Chris Markham

Christopher Markham is multi-disciplinary designer with professional experience in product design, graphic design and UX design. Looking to expand his knowledge and grow his skillset, Christopher worked with one of the top exhibition and events companies in Ireland as a designer. He has also been involved in a tech start-up as a UX designer conducting user tests on a mobile application. During his time in university Christopher has also founded his own freelance design agency where he is currently working with clients across Europe and strives to solve problems with beautiful and innovate solutions.


The Re-Habit Smart Mirror is a solution designed to combat the issue of failed physical rehabilitation adherence following injury. Failure to adhere to rehab programmes prescribed by physios leads to a high probability of re-injury as the affected muscles have not been successfully brought back to strength. These reoccurring injuries also lead to hindering ailments later in an athlete’s life. The leading reason for this failed adherence among athletes is how the experience is perceived. Athletes perceive physical rehab as boring as it takes them away from their passions and social lives without appealing to their competitive psyche.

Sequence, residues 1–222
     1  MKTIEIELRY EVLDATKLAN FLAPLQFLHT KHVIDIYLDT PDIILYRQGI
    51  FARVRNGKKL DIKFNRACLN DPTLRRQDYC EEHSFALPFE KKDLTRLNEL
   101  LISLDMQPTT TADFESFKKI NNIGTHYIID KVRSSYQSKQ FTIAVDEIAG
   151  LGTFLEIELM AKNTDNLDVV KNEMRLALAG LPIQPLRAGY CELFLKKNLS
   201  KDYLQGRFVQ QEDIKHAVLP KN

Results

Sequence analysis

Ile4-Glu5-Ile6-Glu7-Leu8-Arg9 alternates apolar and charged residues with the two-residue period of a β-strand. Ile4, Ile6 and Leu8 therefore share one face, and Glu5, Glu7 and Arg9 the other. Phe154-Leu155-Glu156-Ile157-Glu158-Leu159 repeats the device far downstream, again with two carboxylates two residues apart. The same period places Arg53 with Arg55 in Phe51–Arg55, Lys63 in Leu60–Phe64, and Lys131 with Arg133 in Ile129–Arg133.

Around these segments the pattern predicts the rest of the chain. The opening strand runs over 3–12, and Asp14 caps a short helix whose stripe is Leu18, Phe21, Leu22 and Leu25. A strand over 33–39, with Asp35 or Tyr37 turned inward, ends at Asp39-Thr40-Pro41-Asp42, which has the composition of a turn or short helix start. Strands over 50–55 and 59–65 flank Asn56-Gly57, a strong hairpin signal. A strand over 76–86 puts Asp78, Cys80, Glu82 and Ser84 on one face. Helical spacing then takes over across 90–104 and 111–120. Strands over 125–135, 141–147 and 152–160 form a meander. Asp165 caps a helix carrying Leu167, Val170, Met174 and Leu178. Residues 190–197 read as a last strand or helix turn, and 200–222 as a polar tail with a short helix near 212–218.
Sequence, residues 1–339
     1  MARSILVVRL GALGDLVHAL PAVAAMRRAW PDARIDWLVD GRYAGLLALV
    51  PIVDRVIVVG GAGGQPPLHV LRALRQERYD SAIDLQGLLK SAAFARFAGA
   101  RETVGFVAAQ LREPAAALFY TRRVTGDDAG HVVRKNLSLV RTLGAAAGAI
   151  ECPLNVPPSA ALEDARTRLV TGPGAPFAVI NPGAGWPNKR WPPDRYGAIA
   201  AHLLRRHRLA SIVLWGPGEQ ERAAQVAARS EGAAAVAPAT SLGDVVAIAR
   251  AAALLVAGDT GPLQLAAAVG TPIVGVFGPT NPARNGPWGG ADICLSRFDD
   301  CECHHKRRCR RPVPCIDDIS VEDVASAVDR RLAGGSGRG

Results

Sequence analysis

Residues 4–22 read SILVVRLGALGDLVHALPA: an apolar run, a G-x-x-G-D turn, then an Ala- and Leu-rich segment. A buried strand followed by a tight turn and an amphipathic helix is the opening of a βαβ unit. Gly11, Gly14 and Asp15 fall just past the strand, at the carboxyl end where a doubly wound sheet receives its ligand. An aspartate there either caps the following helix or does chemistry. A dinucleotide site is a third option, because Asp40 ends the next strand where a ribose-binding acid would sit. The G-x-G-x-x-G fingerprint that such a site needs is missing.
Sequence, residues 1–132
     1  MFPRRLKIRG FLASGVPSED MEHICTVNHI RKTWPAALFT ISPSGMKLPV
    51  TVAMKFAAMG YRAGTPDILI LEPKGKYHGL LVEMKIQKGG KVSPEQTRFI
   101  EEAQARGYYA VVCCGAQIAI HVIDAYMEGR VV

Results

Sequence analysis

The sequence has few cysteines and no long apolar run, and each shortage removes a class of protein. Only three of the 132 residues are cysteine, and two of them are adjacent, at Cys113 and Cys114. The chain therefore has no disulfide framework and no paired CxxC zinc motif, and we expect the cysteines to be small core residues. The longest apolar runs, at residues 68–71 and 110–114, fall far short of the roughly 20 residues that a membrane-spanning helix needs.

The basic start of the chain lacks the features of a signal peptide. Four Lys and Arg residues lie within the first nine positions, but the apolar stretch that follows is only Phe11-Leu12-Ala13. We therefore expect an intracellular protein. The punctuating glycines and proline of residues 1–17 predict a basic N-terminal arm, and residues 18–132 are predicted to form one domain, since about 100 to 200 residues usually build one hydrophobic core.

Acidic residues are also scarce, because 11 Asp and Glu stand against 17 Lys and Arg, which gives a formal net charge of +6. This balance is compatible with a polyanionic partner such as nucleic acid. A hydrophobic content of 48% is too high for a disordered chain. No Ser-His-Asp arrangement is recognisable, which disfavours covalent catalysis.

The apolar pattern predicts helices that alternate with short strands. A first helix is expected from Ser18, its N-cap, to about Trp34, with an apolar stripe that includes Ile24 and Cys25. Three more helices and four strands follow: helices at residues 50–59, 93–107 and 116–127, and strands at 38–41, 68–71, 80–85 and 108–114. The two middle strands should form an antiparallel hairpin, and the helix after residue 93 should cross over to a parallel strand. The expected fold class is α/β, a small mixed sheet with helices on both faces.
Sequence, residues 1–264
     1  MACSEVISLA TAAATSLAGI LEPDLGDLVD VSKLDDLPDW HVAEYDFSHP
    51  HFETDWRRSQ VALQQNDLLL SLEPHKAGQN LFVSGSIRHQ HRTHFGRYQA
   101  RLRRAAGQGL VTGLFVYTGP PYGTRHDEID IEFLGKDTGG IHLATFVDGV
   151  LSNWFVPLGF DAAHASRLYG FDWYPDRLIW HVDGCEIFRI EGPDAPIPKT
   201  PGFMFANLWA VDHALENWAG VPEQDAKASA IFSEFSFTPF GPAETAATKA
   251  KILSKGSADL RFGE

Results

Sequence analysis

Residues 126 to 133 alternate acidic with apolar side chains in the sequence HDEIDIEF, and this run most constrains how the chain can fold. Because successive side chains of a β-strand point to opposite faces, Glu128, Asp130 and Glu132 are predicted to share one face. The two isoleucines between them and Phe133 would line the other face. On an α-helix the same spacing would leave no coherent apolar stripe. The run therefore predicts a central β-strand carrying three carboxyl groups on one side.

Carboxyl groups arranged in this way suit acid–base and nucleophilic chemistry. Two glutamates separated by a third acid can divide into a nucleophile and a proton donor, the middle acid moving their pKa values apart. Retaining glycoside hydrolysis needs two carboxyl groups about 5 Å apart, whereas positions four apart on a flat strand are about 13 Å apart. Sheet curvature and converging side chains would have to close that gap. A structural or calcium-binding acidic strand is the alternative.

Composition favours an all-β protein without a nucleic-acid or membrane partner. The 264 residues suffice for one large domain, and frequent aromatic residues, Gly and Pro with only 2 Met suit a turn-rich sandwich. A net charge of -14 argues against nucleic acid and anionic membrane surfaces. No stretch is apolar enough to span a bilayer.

The Re-Habit Smart Mirror improves the experience of physical rehabilitation through gamifying the experience and providing increased incentive to complete their programmes. This is done by tracking the users’ exercises using a computer vision sensor that detects if the user is completing exercises correctly, live feedback is then shown to the user and points are awarded for correct movements. Feedback is shown through a screen located behind the mirrors , creating a unique effect on the reflective surface.

Users can join leader boards with their respective clubs, teams, or friends through the accompanying mobile application. Here they will compete using the points awarded from completing their rehabilitation. This appeals to the competitive nature of athletes as well as keeping them involved with their clubs and creating social contracts incentivising them to have a successful recovery. This increased incentive leads to increased adherence to rehabilitation as well as the experience being perceived as more enjoyable.